Am I the only person who notices the hypocrisy of the “illegal is illegal” anti-immigration crowd? The same set of USCIS rules and regulations that require an immigrant to have work authorization in the form of a special visa also prohibits Americans from hiring people without work authorization.

In other words; It is illegal for a resident of Prince William County to hire a person who is not authorized to work in this country.

I have to wonder how many county residents demanding to have all “illegal-immigrants” arrested and deported are meanwhile hiring “illegals” for labor at below-market wages? I wonder if our Prince William County residents hiring “illegal-immigrants” abide by labor laws and deduct federal and state income tax withholding, Social Security taxes, Medicare and workman’s comp insurance?

I do have concerns about the number of people living and working in this county without proper visas. My concerns revolve around the basic human rights of receiving fair wages and treatment for an honest day’s work. Under the present toxic environment, created in no small part by the actions of people including Corey Stewart and Greg Letiecq, receiving these basic human rights are probable at best for thousands in our county.

In my opinion, based upon my observations, Mr. Stewart, Mr. Letiecq and others of that crowd are merely using the excuse of “illegal Immigration” to promote discrimination and advance their personal careers. Instead of working to bring our community together, they have divided us. By demagoging our Hispanic community, Mr. Stewart and his enablers have wasted millions of our tax dollars at a time when the county is struggling to fund basic services, filled up the county jails with non-violent “criminals,” decimated local businesses, and badly damaged the reputation of our community across the United States. All done under the banner of “illegal is illegal.”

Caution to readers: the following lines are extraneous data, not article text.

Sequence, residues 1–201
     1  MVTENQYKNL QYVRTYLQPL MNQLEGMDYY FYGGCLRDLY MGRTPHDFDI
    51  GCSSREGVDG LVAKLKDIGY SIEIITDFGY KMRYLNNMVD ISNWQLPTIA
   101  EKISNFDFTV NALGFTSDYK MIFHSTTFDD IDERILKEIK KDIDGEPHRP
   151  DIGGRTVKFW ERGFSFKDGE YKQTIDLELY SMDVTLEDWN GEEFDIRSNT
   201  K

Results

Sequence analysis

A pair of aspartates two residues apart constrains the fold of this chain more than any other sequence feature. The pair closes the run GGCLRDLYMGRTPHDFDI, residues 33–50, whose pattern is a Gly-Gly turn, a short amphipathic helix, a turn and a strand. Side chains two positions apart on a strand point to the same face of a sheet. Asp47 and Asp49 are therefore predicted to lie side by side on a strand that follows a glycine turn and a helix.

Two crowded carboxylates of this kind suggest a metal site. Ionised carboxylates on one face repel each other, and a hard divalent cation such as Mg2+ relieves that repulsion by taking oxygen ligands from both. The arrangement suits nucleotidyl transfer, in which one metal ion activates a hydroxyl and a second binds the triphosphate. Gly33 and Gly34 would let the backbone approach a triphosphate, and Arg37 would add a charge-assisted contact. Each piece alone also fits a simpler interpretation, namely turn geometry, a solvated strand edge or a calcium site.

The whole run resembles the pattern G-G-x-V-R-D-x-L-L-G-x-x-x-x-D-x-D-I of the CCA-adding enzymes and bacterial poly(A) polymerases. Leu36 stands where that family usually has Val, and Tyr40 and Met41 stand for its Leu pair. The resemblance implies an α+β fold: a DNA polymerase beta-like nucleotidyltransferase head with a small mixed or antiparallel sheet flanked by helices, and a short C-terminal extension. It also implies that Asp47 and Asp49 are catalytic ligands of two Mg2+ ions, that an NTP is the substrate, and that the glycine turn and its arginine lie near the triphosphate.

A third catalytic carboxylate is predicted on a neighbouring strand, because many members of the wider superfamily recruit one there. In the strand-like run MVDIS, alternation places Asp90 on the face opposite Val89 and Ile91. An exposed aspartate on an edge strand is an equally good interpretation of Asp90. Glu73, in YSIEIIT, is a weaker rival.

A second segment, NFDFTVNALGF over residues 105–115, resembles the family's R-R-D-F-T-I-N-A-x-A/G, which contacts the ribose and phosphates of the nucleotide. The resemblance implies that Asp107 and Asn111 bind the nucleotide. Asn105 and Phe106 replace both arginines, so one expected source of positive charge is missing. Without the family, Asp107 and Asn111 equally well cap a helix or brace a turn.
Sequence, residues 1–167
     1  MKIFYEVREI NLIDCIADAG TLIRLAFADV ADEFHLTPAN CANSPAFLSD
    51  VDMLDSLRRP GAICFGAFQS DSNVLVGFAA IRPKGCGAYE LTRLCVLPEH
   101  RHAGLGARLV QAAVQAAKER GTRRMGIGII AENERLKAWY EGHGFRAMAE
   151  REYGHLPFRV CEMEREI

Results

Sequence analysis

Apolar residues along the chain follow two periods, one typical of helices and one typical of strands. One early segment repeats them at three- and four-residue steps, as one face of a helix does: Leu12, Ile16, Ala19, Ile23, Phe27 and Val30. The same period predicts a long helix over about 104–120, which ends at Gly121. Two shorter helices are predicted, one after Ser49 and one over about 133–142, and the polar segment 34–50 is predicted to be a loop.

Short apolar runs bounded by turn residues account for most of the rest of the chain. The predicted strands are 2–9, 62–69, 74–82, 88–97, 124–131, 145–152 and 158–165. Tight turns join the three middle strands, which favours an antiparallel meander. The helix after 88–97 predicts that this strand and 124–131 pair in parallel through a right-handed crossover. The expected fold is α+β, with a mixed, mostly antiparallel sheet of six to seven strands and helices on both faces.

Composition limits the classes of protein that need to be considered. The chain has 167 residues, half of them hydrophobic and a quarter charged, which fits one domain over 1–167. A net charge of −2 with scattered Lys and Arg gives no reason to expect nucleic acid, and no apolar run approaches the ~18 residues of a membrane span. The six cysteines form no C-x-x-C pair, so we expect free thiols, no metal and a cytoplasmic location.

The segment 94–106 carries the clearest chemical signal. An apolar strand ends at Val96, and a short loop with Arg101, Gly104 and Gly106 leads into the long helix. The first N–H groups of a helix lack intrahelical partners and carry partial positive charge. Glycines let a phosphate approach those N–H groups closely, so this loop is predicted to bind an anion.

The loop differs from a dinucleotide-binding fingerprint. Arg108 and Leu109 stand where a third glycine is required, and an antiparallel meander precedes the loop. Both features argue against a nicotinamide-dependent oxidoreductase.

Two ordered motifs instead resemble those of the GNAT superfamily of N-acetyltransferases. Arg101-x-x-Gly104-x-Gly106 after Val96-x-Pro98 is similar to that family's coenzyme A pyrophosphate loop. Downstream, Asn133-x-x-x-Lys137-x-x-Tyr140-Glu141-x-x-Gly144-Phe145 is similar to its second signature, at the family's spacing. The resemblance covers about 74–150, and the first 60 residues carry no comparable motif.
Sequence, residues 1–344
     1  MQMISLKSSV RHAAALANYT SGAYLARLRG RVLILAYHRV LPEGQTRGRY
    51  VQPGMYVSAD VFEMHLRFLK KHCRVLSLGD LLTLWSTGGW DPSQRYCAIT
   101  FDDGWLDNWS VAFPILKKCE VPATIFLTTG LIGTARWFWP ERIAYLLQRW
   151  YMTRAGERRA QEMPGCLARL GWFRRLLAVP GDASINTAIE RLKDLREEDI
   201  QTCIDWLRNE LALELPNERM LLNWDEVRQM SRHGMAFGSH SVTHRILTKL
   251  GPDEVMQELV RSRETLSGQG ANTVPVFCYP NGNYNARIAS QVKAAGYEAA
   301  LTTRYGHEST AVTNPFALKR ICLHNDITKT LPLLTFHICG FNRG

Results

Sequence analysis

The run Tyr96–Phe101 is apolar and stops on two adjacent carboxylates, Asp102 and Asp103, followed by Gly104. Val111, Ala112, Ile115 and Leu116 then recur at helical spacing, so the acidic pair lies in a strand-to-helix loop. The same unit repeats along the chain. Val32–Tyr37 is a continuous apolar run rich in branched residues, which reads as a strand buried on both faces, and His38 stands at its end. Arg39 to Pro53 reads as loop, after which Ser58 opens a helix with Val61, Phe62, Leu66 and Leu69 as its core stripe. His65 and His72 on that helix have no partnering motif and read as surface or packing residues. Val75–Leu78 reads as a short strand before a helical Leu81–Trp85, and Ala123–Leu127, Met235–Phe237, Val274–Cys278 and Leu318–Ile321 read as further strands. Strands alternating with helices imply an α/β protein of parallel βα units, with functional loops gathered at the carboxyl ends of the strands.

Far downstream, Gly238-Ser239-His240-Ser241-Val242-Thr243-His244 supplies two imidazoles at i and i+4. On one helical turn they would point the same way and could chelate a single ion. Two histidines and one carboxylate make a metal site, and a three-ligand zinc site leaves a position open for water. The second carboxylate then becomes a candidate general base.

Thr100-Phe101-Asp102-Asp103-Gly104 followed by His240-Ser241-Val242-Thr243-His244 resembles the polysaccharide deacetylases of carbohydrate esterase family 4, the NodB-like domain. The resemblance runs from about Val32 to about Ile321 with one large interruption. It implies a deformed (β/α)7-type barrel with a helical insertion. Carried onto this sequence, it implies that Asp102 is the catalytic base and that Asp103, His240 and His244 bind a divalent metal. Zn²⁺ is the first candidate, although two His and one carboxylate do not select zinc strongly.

Yet nothing is being done about our fellow citizens breaking the law by illegally hiring undocumented workers. I have to wonder: why?

Recently, “The Potomac News” added a comments feature to their on-line edition. While I’ve been busy adding my comments to other letters, columns, and news articles, I’ve also had other writers comment at me. Their comments to my letter have been most interesting. I’ve posted excerpts here.

First, a middle of the road “why can’t we all work together” comment:

Many PWC residents enjoy the financial savings when bypassing professional companies by using a private house cleaning services or Jose and his boys for mulching and lawn service. It is somehow wrong for a construction company to use off-book labor but for a private homeowner to have a crew work the weekend side job reroofing their home for cash is ok. […] there is no pure black or white side of these issues but many shades of gray we need to accept and work together on to find a solution.